At the start of the conference the International Admissions team at St Andrews made a big play of Scotland’s location as an international destination hub. I had always thought of it as somewhat remote. Go to Paris (like Euro Disney) if you really want to be central in Europe. However compared to the United States, Scotland really is close to any number of countries and their capital cities. In a land where you can fly for 5 hours and still not leave national airspace this is a big selling point.
Americans don’t like leaving America. Stats vary but between 80-95% of Americans do not hold a passport. Why should they, the States are so diverse that everything they need and would want to see can be found within them. Consider that there are 4200 universities in the USA this means that if you managed to list one hundred American Universities (go on try it) there will still be 4100 universities in the States alone that you knew nothing about.
So why leave the safety and provision of the United States? Well there are those that want to travel and gain international exposure (International relations is by far the popular course for Americans at both Edinburgh and St Andrews). If you are an American where do you go to get this? According to a recent Gallup Poll, the most loved foreign county for Americans is unsurprisingly Canada which scored a 92% favorability rating, right behind is Britain on 90%. For an American seeking an international experience the UK is perfect. It is a safe foreign destination, and what’s more they speak English and are within a few hours of well over a dozen foreign countries.
4. Liberal Arts
So why not go to England? Many do of course, but Scotland seems disproportionately popular with Americans. Perhaps it is the similarity of the Scottish degree to the Liberal Arts degree in the States. There are strong links between the Scottish and U.S. Higher Ed systems. Benjamin Franklin among others attend St Andrews and is thought to have taken back the degree structure and expanded it into the Liberal Arts model that U.S. Colleges are famed for. The relative flexibility of the Scottish degree contrasts favourable with the rigidness of the system in the rest of the UK.
What cannot be discounted is the allure of the location of somewhere like St Andrews. As a medieval town, history and tradition are everywhere. For a relatively new country like the States, this sense of history is a big pull. Whether it is the ruins of the coastal castle hidden in the mist or the origins of tradition shrouded in the mists of time, it all adds to the atmospheric environment that a town like St Andrews creates. It genuinely looks like one of the seven ancient universities of the English speaking world that it actually is.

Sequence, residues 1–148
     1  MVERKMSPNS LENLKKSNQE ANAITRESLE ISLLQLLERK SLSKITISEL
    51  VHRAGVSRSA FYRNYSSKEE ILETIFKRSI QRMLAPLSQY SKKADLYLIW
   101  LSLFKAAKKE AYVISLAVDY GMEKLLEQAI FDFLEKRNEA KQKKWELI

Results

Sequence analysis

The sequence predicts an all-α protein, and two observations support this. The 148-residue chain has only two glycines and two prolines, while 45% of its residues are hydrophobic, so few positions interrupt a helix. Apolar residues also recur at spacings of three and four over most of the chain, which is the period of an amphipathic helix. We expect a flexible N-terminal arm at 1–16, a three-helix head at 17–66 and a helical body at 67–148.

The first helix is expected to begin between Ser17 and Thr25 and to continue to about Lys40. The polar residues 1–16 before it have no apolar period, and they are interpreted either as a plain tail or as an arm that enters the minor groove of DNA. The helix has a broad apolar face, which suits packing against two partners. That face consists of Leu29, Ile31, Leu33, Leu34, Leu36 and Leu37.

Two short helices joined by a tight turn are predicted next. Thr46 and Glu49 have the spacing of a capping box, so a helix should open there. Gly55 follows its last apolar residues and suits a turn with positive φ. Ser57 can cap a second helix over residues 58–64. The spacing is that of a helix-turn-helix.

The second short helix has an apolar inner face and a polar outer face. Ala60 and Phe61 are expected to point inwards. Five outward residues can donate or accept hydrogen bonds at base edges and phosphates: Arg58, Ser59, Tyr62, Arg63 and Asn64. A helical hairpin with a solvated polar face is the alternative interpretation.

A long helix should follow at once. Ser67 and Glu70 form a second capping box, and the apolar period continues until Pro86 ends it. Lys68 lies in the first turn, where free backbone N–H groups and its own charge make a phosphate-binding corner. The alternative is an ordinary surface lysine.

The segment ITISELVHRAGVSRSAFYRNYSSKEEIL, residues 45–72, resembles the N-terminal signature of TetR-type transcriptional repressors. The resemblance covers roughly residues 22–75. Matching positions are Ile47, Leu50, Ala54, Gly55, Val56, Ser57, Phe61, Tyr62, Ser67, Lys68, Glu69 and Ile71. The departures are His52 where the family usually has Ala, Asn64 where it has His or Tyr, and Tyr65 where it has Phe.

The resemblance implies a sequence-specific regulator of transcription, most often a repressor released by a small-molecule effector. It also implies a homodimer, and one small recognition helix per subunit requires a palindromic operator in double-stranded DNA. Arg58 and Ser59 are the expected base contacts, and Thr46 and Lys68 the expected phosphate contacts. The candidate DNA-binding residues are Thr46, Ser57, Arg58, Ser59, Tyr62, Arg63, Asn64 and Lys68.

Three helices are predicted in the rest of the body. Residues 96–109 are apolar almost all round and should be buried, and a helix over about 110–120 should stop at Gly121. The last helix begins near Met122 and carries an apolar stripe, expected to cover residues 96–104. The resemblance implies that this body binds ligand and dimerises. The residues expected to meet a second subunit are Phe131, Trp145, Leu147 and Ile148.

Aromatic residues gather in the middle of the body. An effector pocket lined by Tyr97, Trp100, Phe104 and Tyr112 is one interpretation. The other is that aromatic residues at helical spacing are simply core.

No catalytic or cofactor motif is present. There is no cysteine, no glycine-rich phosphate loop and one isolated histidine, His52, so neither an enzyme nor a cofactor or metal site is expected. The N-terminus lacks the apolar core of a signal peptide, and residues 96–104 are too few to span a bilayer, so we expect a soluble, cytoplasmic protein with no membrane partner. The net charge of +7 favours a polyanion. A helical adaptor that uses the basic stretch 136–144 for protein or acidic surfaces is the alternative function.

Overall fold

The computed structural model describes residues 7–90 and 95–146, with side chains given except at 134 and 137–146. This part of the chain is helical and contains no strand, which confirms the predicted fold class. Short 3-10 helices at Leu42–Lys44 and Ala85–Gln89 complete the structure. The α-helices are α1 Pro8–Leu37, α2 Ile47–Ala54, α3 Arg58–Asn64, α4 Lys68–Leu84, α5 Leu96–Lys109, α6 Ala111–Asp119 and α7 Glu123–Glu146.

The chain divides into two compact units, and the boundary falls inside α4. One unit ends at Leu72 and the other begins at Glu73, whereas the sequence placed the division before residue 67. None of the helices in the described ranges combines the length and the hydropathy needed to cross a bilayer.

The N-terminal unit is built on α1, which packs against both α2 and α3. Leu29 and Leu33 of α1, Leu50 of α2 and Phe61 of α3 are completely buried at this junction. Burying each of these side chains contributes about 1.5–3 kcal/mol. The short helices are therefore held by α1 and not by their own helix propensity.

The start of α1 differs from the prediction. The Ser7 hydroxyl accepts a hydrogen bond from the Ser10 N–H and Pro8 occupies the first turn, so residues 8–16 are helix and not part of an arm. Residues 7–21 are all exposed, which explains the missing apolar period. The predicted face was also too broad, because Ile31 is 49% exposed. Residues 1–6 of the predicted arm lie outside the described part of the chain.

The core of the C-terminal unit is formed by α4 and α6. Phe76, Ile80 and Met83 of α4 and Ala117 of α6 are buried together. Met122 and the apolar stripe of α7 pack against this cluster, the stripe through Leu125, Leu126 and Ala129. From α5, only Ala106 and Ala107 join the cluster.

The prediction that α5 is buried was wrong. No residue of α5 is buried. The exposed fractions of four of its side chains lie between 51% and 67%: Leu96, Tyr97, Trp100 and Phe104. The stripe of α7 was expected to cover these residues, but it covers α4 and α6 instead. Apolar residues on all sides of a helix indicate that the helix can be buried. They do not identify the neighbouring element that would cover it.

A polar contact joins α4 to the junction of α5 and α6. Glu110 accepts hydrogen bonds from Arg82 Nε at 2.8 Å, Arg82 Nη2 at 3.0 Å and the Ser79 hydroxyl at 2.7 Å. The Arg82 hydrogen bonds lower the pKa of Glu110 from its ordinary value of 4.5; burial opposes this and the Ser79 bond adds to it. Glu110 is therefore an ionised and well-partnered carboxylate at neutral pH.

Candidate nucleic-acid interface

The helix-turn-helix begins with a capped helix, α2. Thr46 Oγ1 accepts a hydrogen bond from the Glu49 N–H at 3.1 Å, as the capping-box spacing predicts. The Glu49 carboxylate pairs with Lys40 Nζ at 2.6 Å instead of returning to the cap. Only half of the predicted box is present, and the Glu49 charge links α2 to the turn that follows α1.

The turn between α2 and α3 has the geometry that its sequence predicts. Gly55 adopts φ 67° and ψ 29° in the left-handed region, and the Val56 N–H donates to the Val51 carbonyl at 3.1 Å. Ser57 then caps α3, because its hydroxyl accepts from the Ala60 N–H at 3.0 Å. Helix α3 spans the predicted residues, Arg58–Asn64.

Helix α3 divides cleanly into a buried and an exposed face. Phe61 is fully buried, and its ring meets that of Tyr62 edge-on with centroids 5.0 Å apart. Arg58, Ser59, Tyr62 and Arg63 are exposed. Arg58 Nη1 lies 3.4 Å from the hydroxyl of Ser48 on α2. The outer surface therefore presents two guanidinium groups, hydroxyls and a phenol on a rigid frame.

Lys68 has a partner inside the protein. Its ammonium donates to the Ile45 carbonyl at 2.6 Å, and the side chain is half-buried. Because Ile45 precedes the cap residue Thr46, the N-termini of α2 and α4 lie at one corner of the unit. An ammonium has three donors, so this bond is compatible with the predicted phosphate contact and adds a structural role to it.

The University is also associated with royalty, King James 1 or (James VI as he is known in Scotland) donated his library to St Andrews. It is also where the current Royals met. When our guide pointed out the hall where Prince William resided, out came the iPhone’s to capture the location, followed by the questions about the famous fashion show where Kate made a play to get back her man.
What about South Africans?
Like the historic club and home of golf situated in the town, the University of St Andrews is itself both royal and ancient. It is not hard to see why this university, and its neighbour Edinburgh, are enormously attractive to Americans seeking an international experience. Like William and Kate they seem like a perfect match. But are they a good option for South Africans? More to come on this topic.
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With the surge of interest in universities outside of South Africa many students are exploring the UK as a place to study. This is an updated blog on my visit to Scotland last year to look at higher education there. This post will be part of a three part series on degree options around the world.
[…] others as part of their Counsellor Tours. From the University of British Columbia (my first) to the University of St Andrew’s (my last), I have had an inside look at what it takes to gain admission to some of the most […]